If you have a baby in the NICU one of the daily rituals that have been introduced into your life is your daily trip (or trips) to the NICU to visit your little one. For me, it was very difficult to leave my little boy in the NICU, but it was also just as hard for me to go visit him daily. We kept in constant contact with the staff so we knew what was going on with him, but I also knew anything could happen during that time we were not in contact. My visitation ritual was to visit twice a day, once on my lunch hour, and after work my wife and I would visit. On my way to the NICU, I had a ritual I would go through to prepare myself to see my son. I would pray, maybe shed a tear or two, prepare myself to see him in the condition he was in, and then prepare myself for any bad news that could be presented to me. Emotionally, it was just exhausting. When he came home, one of the many joys I had was that I didn’t have to go through that daily ritual anymore, and those emotions of sadness would now be filled with emotions of joy. However, I never truly let those feelings go.
Going to my first NICU Reunion was also emotional, but the good kind! It was wonderful to visit the staff that took care of your little one while they were in the hospital. Since our son was in the NICU for so long, it was inevitable that we would form life long bonds and friendships with people that kept him alive and got him well enough for him to come home. I just love talking with them, and thanking them for all they did for my son. It allows me to share all the joy he has brought to my life with them. Also, I really enjoy seeing the other parents we met during that tumultuous time in our lives. Those people are the only ones who can say that truly understand what you went through. We were fortunate enough to meet some wonderful, strong, and inspiring people who were going through the same thing we were. We have formed relationships with them that will last a lifetime. We all shared laughs, stories, our child’s successes, our child’s hardships, asked for advice, offer advice, and celebrate the little miracles our children are.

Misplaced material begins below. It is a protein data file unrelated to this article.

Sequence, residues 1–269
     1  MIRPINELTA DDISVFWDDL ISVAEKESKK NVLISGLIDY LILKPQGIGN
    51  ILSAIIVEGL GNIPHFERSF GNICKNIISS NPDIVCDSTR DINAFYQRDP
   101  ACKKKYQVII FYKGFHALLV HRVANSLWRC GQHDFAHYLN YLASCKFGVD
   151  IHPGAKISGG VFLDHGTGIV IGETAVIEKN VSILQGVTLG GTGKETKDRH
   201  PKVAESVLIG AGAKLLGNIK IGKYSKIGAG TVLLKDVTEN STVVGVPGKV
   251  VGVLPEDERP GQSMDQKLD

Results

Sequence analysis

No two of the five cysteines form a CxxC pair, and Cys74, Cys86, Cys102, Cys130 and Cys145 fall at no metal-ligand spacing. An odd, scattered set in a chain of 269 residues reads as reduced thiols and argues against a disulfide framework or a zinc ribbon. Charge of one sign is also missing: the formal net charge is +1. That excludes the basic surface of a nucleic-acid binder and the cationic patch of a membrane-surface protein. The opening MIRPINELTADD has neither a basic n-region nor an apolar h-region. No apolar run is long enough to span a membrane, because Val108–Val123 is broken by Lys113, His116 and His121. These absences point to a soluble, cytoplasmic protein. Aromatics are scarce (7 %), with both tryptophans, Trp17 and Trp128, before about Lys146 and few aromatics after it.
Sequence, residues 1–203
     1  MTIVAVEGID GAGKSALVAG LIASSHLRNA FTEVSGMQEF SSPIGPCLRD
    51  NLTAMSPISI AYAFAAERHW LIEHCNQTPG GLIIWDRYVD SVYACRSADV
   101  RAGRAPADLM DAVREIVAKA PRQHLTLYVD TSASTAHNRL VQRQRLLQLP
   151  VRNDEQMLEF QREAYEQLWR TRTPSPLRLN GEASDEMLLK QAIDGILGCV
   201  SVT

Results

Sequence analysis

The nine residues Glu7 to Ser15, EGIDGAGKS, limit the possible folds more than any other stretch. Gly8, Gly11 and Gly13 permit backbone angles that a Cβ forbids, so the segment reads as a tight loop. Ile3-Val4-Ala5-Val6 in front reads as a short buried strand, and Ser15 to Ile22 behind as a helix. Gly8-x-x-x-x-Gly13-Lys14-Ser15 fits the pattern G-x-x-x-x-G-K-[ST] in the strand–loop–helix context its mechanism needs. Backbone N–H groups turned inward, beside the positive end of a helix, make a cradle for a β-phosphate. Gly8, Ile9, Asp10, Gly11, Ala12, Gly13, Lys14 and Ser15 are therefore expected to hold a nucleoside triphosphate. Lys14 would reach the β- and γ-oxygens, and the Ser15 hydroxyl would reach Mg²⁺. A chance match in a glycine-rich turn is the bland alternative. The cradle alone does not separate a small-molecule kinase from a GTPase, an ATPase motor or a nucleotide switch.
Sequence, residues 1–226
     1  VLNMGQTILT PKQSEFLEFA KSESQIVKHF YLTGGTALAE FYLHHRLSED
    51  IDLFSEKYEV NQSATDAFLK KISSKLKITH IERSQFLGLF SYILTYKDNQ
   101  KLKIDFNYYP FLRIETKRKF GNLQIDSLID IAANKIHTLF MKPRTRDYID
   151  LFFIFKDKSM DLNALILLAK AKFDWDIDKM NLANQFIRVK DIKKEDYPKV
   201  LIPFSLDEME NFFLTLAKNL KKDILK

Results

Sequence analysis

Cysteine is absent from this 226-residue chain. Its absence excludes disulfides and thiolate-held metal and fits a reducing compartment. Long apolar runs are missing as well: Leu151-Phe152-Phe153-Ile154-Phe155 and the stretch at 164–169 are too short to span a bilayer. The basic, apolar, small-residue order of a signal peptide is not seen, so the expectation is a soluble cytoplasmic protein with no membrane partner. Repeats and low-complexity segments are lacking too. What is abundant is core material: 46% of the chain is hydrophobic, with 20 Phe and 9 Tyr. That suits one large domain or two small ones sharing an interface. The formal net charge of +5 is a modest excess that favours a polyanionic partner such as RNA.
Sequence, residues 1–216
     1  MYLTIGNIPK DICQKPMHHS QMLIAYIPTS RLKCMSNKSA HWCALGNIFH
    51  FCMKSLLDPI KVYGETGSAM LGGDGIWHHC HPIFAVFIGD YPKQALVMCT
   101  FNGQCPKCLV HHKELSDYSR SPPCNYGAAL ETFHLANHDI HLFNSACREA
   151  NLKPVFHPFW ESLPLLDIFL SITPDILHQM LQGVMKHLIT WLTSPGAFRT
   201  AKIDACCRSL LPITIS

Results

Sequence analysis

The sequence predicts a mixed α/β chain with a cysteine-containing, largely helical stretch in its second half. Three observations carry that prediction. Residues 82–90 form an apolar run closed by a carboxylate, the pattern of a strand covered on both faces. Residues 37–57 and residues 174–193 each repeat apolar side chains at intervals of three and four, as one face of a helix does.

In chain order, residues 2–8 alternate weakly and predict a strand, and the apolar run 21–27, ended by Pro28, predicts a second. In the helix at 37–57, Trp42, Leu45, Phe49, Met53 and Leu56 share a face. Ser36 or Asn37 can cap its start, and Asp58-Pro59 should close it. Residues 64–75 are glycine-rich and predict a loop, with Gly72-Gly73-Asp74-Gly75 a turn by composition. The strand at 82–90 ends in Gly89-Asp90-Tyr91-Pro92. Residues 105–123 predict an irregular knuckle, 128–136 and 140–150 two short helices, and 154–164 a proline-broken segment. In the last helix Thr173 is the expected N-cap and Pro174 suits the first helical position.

The NICU Reunion also provided me with something that turned out to be more valuable to me than I realized. It provided me with a cathartic experience that is hard to explain. It allowed me to let go all of the pent up emotions I associated with going to the hospital. I didn’t have to go through my ritual to work myself up to walk in and visit my son. I didn’t have to ask the staff questions about my son’s health. The conversations didn’t have to be about his conditions or any of the risks he could face. I didn’t have to prepare for the worst. Now, going to the hospital where he stayed for 192 days is a relaxing, joyous experience. One that isn’t stressful and the emotions are all positive. When I realized that I was able to let all of those feelings go I shed a tear (or 100) of joy, and while I will never forget what my son went through, going to the NICU Reunion allowed me to understand that his NICU stay was in the past, and now I (we) can focus on the future!